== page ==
With Amelie Mauresmo, his heavily pregnant coach, looking on from the players’ box, Andy Murray could not deliver a second Wimbledon singles title that was looking increasingly more likely as the fortnight progressed, writes Alan Pattullo.
Hopes had started to swell as Murray dealt comfortably with each challenge that came his way before having the misfortune to run into an inspired Roger Federer in the semi-final.
It was a painful end to a tournament for home fans, or at least those who do not count themselves in the popular Federer’s camp.
Yet again, the Swiss genius was the fly in the ointment for Murray, who had enjoyed a straightforward passage to the last four with the loss of just two sets. But disappointment also lay in store for the loyal Federer fans, whose hero was helpless in the face of Novak Djokovic’s relentless march through a year in which he won three out of four Grand Slam singles titles.
With both having been named in the bottom half of the draw, Murray gained from Rafael Nadal’s early shock exit at the hands of the briefly inspired world No 102 Dustin Brown in one of the most memorable matches of the tournament.
The dreadlocked Brown even dismissed one question about his appearance with a wonderfully off-hand reply: “I could be sitting here saying, why are all you guys so different?”
With his trick shots and deft drop shots he was a fun addition to the staid Wimbledon landscape. The outspoken, spiky Australian Nick Kyrgios was perhaps not so welcome, taking his leave of the competition via a series of code violations in the fourth round, beaten by eventual semi-finalist Richard Gasquet.
As so often happens, Brown could not sustain the excellence shown against Nadal, going down in the next round to Victor Troicki, who then lost to Vasek Pospisil, Murray’s opponent in the last eight.
The Scot had already coped with the big-serving Ivo Karlovic and was even more ruthless when overcoming a weary Pospisil’s limited challenge. But Murray came unstuck in straight sets against Federer, whose brilliance on the Friday afternoon on Centre Court inspired the Scot to later compare him to football’s own phenomenon, Lionel Messi. “He makes it look so easy,” Murray admitted.
But Federer had no answer to the remorseless Djokovic, who retained his Wimbledon crown with a victory in four sets before bending down to pluck some blades of grass from Centre Court and putting them in his mouth. This curious ritual began after his first Wimbledon triumph, in 2011.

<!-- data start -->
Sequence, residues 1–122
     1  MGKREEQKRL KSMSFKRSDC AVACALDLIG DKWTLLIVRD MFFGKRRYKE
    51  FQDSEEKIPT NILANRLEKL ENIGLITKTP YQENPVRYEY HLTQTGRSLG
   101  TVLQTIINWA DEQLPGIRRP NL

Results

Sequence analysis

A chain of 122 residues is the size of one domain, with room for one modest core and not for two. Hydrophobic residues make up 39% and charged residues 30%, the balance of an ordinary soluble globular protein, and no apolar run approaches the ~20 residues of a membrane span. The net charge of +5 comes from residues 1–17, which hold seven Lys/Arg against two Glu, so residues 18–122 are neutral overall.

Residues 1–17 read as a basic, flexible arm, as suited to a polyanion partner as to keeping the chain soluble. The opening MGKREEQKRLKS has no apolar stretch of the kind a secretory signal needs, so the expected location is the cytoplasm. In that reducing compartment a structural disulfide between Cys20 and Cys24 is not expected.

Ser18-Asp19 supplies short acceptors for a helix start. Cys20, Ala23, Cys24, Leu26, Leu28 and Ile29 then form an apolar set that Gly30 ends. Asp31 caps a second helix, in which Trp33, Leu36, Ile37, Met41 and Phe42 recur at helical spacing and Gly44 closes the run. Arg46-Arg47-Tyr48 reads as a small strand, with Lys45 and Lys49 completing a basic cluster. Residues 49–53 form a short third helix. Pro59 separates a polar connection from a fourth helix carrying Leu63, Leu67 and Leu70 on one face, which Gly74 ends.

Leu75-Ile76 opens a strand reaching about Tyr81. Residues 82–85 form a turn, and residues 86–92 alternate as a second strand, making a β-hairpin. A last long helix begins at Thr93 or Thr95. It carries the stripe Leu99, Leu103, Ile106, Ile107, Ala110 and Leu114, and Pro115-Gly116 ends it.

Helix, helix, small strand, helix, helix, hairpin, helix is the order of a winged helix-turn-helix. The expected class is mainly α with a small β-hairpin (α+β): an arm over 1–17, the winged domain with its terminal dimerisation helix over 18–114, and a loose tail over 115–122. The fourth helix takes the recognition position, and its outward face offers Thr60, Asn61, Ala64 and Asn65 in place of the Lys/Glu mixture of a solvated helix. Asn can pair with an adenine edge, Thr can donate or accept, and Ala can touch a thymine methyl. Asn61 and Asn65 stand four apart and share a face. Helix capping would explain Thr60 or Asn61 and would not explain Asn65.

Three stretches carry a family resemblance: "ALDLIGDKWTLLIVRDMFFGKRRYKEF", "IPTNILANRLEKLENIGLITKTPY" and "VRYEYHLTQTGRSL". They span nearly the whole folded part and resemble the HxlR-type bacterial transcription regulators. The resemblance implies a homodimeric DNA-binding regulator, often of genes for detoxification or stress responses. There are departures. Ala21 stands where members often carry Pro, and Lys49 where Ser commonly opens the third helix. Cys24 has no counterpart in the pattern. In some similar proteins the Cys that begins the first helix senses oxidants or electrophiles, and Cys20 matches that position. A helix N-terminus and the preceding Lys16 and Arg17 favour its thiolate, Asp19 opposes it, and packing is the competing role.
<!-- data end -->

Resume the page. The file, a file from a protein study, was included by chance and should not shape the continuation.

The custom-conscious Djokovic then also revived an old Wimbledon tradition later that same evening when waltzing with the ladies singles champion, the remarkable Serena Williams, at the Champions’ Ball.
Williams survived a scare against British No 1 Heather Watson in a thrilling third round encounter in front of a rowdy Centre Court audience. At one point Williams turned to the partisan crowd and wagged her finger, mouthing the words: “Don’t try me”.
Watson served for the match in the third set but Williams turned things round, and, while there were other stumbles on the way, she clinched her sixth singles Wimbledon title against the Venezuela-born Garbine Muguruza. It sealed another “Serena Slam”, meaning she was more than deserving of a twirl with Djokovic in a reprise of the Night Fever dance routine from the film Saturday Night Fever.
It was an especially disappointing final weekend in SW17 from a Scottish perspective. Already denied the chance to cheer on Andy Murray in the final, there was further frustration for Scottish fans when Jamie, his brother, and John Peers lost the doubles final against Jean-Julien Rojer and Horia Tecau on the Saturday evening.
Andy made a brief appearance in a baseball cap to cheer on Jamie and Peers, but they lost in straight sets. The following day Gordon Reid, from Helensburgh, also lost in the final of the men’s wheelchair doubles final, with French playing partner Michael Jeremiasz.